As a representation, the narrative of crisis frames an “event,” distancing this current round of population mobility (and its counterpoint, strategies of immobilization) from other forms of mobility/immobilization that have been central to the constitution of the European state and its capitalist economy. “Eventing” draws borders around complex social processes, enabling certain forms of intervention and the production of specific types of subjects. In other words, it privileges certain forms of politics, and in this case, a politics also of depoliticization, that can address a “problem” that does not actually exist outside of these frames of representation and intervention.

For its part, the term “refugee,” as it is used across the range of think pieces and commentaries on the “crisis,” contributes to a narrow reading of intervention and the politically possible and desirable. Zizek suggests that we need to address the inequalities of global economy to “abolish social conditions that create refugees.” This is a strategy of immobilization that is reflected in other recommendations Zizek makes, including that refugees should accept restrictions on their mobility in a Europe-wide quota system.

While there are many reasons to end the inequalities of global economy, preventing refugee situations cannot be considered one of them. Preventing situations that “create refugees” would in all likelihood simply illegitimize the movement of populations rather than create conditions where mobility would not be a desired life choice. The 1951 Geneva Convention and its 1967 Protocol were never intended simply to manifest a right to protect. They equally defined how that right of protection could be limited. The Convention remains as much a means of protecting states as it does protecting individuals fleeing persecution.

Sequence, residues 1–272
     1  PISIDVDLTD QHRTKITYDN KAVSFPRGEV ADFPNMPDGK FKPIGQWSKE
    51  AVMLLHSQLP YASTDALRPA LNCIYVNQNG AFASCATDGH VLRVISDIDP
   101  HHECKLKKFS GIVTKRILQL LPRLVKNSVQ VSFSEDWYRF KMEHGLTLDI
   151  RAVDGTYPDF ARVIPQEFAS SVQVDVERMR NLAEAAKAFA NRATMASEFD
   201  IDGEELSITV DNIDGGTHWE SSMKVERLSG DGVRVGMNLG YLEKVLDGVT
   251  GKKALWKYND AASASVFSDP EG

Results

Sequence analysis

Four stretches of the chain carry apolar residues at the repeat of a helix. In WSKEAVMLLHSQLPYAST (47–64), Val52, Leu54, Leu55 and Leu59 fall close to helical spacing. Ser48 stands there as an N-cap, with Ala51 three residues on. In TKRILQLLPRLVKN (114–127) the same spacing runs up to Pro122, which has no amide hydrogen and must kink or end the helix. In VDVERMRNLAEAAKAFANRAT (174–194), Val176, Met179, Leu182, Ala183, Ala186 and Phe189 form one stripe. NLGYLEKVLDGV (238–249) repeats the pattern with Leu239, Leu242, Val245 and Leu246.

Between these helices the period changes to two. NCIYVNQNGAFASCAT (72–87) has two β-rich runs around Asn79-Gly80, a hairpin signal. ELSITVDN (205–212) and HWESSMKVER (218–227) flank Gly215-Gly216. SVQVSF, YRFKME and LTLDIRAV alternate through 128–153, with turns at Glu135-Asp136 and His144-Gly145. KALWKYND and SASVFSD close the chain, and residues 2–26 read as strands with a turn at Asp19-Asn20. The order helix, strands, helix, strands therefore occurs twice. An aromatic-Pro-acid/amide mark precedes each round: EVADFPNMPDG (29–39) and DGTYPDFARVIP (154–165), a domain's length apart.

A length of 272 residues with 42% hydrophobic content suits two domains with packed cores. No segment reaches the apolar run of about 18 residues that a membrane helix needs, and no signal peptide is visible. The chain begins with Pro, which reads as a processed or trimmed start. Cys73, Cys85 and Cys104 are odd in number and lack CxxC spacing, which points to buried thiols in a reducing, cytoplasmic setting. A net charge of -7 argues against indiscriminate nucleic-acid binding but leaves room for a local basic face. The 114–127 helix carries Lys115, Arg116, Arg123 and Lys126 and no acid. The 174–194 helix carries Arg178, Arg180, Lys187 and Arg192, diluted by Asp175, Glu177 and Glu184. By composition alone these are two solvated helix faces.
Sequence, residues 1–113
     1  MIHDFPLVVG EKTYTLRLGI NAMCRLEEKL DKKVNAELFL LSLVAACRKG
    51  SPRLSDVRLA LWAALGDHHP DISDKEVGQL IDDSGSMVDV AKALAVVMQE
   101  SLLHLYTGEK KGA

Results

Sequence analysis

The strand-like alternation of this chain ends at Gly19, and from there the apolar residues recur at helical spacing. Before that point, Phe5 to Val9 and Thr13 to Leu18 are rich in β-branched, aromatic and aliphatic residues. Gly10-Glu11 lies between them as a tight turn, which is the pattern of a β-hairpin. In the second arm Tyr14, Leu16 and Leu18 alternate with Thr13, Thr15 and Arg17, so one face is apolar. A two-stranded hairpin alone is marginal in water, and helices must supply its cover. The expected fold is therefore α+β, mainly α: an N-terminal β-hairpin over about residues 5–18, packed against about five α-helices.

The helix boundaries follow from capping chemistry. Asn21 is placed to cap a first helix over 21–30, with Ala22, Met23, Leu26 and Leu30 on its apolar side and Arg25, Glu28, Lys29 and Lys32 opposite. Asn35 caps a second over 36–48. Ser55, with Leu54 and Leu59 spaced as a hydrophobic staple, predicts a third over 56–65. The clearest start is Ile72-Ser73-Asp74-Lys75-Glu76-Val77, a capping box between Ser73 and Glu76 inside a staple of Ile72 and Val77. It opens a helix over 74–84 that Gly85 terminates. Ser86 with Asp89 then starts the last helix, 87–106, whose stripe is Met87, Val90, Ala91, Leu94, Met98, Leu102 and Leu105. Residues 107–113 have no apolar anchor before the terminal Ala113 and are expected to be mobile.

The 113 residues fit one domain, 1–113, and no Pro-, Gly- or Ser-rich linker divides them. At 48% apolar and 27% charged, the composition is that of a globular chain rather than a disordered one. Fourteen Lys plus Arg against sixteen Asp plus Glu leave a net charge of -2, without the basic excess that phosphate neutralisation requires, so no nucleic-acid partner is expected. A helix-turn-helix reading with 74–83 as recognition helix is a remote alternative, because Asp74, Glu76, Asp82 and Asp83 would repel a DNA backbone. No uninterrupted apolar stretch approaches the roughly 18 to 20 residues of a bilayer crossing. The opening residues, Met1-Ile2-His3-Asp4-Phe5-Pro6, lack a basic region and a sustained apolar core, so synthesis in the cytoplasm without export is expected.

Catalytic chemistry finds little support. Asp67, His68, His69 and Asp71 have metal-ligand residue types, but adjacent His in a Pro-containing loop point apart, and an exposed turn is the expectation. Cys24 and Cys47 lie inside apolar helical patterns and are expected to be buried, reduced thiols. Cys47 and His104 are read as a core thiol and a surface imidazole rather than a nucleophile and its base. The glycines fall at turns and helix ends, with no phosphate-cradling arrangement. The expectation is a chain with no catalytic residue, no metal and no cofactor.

The strategy of immobilization where “refugees” would be bound to accept EU directives on where they should live speaks to a cultural reading of the “crisis” where the question is about European identity. At its core is an idea that a European identity of some form first exists, second is worth preserving or protecting in that form, and third that “refugee” movements are a stress on this identity and need to be carefully regulated. The idea of European identity, like any large and abstract identity, depends on filtering, marginalizing, and excluding, a biopolitical processing that distinguishes between worthy and unworthy. This same type of biopolitical processing is at work in accounts of crisis. As Balibar notes, it makes little sense to debate if the term refugee is more desirable than “migrant” or even to question the pillorying of “economic migrant.” There is neither migrant nor refugee; there are instead modes of biopolitical processing that seek to manage and hierarchize different populations and subject positions—on all sides of the border—in light of cultural, political, and ideological interests.

Capitalism and race